Will EB-5 Renewal Be as Dramatic as for the Patriot Act?

By David North on May 27, 2015

The answer to the question in the headline is "probably not", but there are some similarities in the proposed extensions of the EB-5 program and that of the USA Patriot Act.

As this is written it is not clear whether all, or some part, of the Patriot Act will be extended by the June 1 deadline.

Meanwhile, the main part of the EB-5 (immigrant investor) program is also up for renewal on September 30.

In each instance it is a portion of the measure that causes more controversy than the general activity.

With the Patriot Act, it is NSA's bulk collection of data on phone calls; with EB-5 it is the half-a-million-for-a-bunch-of-green cards provision. In the EB-5 case, what used to be the principal part of the program — visas for million-dollar investments anywhere in the country — is permanent, only the half-million part is up for extension. (Aliens can buy a set of green cards at that lower price if their investment is in "targeted employment areas", i.e., rural areas or any area with high unemployment.) Few investors opt for the million-dollar provision with the half-million offer also on the table.

If the half-million part of the program is not extended, it would put out of business the hundreds of regional centers that play a central role in the program, linking alien investors with U.S. developers. So it is the political heft of the regional centers, not that of the rich aliens, that counts in the politics of this matter.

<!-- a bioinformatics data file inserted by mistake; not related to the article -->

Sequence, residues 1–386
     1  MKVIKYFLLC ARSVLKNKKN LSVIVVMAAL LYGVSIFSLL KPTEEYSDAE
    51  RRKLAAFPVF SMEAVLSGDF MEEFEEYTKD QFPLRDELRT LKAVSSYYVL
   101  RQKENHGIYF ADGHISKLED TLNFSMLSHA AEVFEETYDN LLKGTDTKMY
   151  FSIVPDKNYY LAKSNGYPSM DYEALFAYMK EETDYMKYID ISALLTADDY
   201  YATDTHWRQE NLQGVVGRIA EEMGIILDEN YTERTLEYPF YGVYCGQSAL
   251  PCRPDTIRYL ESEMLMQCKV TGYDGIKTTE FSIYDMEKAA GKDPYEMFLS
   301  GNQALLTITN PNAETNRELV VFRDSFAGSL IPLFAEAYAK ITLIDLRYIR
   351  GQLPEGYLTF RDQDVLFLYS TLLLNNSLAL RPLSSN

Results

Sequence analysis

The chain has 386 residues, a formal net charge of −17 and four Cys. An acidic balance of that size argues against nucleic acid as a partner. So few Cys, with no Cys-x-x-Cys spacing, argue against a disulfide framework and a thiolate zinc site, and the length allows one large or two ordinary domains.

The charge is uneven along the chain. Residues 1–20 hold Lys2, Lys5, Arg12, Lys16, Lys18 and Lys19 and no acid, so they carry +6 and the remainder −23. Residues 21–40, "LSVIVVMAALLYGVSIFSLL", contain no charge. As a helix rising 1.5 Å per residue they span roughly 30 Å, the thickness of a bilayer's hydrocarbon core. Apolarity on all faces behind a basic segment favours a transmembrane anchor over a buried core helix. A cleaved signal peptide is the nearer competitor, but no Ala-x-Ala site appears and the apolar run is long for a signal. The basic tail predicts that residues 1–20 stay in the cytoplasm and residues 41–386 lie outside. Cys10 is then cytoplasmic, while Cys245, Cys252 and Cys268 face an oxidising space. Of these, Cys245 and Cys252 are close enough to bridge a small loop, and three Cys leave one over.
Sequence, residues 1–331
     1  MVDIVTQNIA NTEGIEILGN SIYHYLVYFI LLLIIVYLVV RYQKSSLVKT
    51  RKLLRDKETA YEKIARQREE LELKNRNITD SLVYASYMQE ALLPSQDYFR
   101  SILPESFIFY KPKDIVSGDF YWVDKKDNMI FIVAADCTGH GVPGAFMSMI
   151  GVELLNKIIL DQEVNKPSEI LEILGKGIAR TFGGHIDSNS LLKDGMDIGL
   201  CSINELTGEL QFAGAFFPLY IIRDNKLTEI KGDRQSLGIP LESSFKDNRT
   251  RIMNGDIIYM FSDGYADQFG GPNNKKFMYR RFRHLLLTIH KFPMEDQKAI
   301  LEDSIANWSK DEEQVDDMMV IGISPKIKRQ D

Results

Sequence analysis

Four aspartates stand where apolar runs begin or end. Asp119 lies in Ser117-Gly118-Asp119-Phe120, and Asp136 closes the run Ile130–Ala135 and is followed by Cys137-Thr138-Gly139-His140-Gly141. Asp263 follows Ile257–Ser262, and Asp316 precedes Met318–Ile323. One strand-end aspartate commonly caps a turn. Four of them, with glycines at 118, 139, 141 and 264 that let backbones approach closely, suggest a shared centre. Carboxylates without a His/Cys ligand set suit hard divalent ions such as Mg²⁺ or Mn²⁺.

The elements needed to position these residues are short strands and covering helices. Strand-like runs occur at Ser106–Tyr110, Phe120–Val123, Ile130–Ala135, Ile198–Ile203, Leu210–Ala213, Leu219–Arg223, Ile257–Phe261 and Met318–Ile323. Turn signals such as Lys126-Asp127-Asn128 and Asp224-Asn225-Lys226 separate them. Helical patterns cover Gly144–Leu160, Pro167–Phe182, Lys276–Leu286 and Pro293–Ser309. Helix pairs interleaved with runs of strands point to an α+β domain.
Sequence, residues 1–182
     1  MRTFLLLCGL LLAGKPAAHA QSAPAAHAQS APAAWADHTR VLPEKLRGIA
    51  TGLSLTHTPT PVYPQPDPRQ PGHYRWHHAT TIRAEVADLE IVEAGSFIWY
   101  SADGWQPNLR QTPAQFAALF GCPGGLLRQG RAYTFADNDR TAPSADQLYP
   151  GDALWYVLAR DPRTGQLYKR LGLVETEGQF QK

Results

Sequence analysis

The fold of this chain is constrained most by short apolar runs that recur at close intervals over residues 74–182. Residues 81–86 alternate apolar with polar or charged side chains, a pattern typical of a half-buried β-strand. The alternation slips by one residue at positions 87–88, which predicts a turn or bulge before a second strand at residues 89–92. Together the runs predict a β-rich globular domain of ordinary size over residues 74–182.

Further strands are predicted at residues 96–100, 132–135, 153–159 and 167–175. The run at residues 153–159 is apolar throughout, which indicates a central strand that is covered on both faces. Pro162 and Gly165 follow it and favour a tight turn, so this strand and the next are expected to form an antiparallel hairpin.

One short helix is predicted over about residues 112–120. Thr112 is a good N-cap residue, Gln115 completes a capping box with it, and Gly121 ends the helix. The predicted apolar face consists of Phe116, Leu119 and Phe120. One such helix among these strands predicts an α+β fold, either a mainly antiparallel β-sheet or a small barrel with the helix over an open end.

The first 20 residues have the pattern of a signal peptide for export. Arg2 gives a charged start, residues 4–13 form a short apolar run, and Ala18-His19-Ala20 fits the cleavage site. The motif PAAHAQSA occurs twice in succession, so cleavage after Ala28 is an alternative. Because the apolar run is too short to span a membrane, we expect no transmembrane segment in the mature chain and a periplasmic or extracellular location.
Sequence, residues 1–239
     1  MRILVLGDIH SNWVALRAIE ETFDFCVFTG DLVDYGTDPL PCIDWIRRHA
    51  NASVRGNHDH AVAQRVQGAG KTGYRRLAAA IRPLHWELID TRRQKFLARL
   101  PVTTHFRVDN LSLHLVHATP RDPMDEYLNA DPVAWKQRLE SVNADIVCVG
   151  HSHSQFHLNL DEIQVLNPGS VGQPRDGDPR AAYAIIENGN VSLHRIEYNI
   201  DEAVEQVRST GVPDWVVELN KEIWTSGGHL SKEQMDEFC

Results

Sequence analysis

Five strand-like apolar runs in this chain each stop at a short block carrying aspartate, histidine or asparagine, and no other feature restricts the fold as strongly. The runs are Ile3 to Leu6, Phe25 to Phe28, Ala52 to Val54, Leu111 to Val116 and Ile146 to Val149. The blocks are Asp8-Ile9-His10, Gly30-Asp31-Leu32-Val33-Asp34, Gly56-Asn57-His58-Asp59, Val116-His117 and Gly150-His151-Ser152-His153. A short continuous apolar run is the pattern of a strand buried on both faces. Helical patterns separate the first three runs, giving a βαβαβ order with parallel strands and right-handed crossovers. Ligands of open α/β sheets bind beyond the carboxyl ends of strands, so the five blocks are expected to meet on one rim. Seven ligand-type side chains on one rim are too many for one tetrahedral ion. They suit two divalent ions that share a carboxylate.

The EB-5 promoters not only want to make the program permanent, they want to add a series of sweeteners to the bill, such as removing some of the congressionally imposed numerical limits. (For an industry view of this, see here.)

To my knowledge, only one bill along these lines has been introduced, H.R. 616; the author of the misleadingly titled bill, the "American Entrepreneurship and Investment Act of 2015", is Jared Polis, a relatively junior Democrat from Colorado. There are also 18 co-sponsors: eight Republicans and eight Democrats from the mainland and two Democratic island delegates (who have no vote on the floor, but do in committee).

The only overlap between these 19 and the membership of the all-important House immigration subcommittee is the delegate from Puerto Rico, Pedro R. Pierluisi.

The bill's reception in the House committee may be warmer than in the Senate, where the chairman of the Judiciary Committee, Chuck Grassley (R-Iowa), has been a highly articulate critic of the program, and of its management when it was in the hands of Alejandro Mayorkas, now deputy secretary of DHS and formerly head of USCIS. The chairman of the subcommittee is Congress's leading immigration skeptic, Jeff Sessions (R–Ala.).

I say that the title of the bill is misleading because neither the alien investors (who simply have to write a check) nor the investments made have much to do with entrepreneurship; the money is usually used in slightly disguised bridge loans for real estate developments. These are usually hotels or shopping centers or residential developments. There may be some EB-5 money going into start-up software firms, but I have never heard of it.

Prediction: I think that H.R.616 per se, does not stand a chance; on the other hand I doubt if the regional center (i.e., half-million) part of the program will be allowed to die. I think that in late September a straight-out extension of the program will be tacked onto some other legislation and it will continue without any changes.